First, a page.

Tuesday, 12 July 2016


Click here for the 'Seeds of Eaden' seed shop

We recently visited a garden and spotted giant hogweed (Heracleum mantegazzianum).  It is an impressive plant, looking just like its smaller brother common hogweed but on steroids. You will be able to spot the difference as true to its name giant hogweed is MASSIVE, and truly looks like it belongs in a giant's garden.

Giant hogweed (Heracleum mantegazzianum) is a close relative of cow parsley.  It originates from Southern Russia and Georgia, and was brought over to Britain by Victorian plant collectors. Although an impressive sight when fully grown, giant hogweed is invasive and potentially harmful and therefore most gardeners will wish to eradicate it from their garden.

Chemicals in the sap can cause photodermatitis or photosensitivity, where the skin becomes very sensitive to sunlight and may suffer blistering, pigmentation and long-lasting scars. Blisters are photosensitive, triggered by sunlight, and may recur for up to 6 years after initial contact. 

The Wildlife and Countryside Act 1981 lists giant hogweed as an invasive weed (Schedule 9, Section 14), meaning it is an offence to cause giant hogweed to grow in the wild in England and Wales. Similar legislation applies in Scotland and Northern Ireland. 

Although there is no statutory obligation for landowners to eliminate giant hogweed, local authorities will often take action to remove infestations in public areas. It can be the subject of Anti-Social Behaviour Orders where occupiers of giant hogweed infested ground can be required to remove the weed or face penalties.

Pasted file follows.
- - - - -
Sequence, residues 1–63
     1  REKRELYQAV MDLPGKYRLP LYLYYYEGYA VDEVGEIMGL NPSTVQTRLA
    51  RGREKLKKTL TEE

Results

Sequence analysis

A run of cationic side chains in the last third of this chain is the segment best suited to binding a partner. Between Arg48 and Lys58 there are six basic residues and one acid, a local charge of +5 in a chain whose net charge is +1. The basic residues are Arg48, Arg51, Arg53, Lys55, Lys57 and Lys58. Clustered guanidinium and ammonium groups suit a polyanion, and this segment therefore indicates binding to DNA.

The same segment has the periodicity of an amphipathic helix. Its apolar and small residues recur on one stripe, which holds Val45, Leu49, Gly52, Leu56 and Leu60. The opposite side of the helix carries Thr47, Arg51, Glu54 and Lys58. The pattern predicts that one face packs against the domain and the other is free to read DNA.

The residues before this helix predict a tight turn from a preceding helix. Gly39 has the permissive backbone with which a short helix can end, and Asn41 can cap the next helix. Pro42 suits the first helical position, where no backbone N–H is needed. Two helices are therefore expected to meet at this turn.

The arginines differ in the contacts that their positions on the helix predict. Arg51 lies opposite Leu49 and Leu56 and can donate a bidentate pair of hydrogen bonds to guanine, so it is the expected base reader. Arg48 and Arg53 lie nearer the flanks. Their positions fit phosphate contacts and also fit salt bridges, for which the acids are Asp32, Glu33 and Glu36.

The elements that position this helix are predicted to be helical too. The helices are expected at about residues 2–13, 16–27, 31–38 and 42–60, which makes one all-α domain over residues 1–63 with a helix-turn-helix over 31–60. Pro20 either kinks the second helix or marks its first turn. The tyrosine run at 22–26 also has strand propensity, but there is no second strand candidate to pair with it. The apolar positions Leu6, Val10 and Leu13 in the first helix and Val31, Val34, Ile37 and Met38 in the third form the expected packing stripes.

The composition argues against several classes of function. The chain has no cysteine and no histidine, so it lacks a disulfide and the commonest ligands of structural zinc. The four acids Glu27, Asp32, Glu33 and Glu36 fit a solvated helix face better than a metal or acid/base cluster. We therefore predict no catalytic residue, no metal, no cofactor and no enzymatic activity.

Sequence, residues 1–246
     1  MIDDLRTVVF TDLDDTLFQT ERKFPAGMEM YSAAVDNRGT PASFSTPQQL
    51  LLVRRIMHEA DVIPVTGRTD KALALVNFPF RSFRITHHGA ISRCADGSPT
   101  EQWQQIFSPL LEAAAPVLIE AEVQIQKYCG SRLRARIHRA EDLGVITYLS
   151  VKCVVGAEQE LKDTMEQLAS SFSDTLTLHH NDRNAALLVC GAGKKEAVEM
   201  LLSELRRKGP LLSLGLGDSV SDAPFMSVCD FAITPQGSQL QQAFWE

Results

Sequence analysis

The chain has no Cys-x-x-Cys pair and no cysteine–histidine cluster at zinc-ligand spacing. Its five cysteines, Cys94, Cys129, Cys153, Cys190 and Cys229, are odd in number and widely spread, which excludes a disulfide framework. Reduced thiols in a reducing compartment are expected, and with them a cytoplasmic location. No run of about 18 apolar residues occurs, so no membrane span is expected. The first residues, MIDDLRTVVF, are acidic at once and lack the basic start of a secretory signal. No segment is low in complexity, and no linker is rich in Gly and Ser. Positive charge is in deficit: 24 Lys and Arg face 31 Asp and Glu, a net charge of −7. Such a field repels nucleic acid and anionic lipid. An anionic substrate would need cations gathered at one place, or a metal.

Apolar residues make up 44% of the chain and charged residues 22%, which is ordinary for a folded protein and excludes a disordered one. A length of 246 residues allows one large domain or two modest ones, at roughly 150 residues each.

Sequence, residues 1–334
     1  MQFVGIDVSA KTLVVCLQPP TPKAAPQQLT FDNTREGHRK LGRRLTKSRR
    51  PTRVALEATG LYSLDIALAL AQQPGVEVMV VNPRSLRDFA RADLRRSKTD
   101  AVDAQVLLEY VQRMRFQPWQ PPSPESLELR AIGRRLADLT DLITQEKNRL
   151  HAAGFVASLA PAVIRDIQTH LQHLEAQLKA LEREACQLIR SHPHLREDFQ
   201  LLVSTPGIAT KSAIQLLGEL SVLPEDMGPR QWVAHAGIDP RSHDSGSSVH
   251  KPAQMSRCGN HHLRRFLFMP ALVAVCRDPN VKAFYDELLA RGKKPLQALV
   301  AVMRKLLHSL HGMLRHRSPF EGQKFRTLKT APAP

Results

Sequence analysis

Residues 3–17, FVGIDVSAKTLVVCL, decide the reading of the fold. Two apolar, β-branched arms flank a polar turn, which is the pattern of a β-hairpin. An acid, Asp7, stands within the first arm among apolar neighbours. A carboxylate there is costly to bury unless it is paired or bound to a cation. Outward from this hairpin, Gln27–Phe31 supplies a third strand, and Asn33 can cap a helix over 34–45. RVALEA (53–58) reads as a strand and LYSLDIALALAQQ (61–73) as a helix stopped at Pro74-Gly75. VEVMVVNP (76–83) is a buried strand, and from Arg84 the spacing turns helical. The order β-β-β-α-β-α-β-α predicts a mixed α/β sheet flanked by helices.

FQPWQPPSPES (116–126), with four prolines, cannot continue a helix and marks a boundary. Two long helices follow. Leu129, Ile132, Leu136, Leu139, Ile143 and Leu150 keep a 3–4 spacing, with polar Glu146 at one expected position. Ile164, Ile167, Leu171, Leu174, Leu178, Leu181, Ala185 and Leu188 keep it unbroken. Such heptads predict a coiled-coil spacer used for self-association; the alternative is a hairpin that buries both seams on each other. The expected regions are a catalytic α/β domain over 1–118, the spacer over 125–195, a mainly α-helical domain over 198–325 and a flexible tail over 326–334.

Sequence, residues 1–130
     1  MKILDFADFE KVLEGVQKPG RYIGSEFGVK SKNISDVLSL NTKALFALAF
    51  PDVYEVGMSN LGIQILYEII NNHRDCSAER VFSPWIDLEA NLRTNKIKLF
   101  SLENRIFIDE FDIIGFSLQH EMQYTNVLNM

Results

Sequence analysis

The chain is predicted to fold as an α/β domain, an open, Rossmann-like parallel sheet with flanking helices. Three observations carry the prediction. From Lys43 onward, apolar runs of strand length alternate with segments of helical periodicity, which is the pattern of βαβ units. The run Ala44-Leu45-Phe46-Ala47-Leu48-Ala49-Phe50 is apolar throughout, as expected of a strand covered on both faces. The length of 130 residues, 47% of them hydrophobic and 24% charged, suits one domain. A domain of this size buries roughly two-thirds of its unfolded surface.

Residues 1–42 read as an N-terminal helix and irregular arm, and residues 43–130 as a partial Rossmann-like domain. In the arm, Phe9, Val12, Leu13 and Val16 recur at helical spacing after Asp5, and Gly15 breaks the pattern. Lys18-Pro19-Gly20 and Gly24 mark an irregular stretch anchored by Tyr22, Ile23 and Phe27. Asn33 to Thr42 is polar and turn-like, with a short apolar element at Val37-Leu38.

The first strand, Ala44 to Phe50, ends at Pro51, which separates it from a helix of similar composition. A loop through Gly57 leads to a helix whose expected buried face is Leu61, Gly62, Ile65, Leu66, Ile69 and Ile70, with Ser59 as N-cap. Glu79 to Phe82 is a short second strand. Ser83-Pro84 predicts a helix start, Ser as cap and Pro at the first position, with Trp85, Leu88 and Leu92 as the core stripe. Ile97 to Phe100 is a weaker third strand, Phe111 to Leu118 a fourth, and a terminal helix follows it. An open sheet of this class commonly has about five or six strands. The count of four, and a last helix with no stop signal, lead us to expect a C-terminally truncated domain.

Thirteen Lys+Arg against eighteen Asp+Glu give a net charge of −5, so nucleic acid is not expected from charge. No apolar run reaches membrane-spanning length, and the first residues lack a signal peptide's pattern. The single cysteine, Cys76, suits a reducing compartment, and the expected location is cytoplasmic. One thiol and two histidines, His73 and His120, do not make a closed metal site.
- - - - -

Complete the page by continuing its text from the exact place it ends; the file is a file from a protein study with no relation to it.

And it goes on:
Giant hogweed is a tall, cow parsley-like plant with flat topped clusters of white flowers held in umbels, like though of carrots or cow parsley. It has thick, bristly stems that are often purple-blotched. It is the enormous size of the plant that distinguishes giant hogweed. Flower heads can be as large as 60 cm (2ft) across and it can reach a height of 3.5 m (11.5ft) or more. 

Giant hogweed can be either a biennial or perennial weed, forming a rosette of deeply lobed leaves in the first year and then sending up a flower spike in the second year in order to set seed. Giant hogweed seeds are tough and can germinate in the soil up to fifteen years after broadcast.


;"> Care must be taken when handling giant hogweed as contact with the plant can result in serious injury. When working near giant hogweed always wear gloves, cover your arms and legs and wear googles or a face mask. 

The sap within the plant can remain active for 2 hours after cutting, so contaminated clothing and tools are potentially hazardous too. Wash any skin that comes in contact with the plant with soap and water immediately. 

Where there are many plants it is best to treat chemically, in order to minimise contact with the plant.  Applying a tough weedkiller containing glyphosate or triclopyr.
Ideally, spray the young foliage in May which is 1 metre high or less and re-treated in August or September as necessary. Mature plants are likely to need more than one treatment to kill them. 

Giant hogweed is a controlled waste, similar to Japanese knotweed, so if it is taken off site it can only be disposed of in licensed landfill sites with the required documentation. Avoid this by allowing plant material to die and then burning in a garden incinerator on site.

How to remove moss
Common British weeds
Giant Hogweed
Japanese Knotweed

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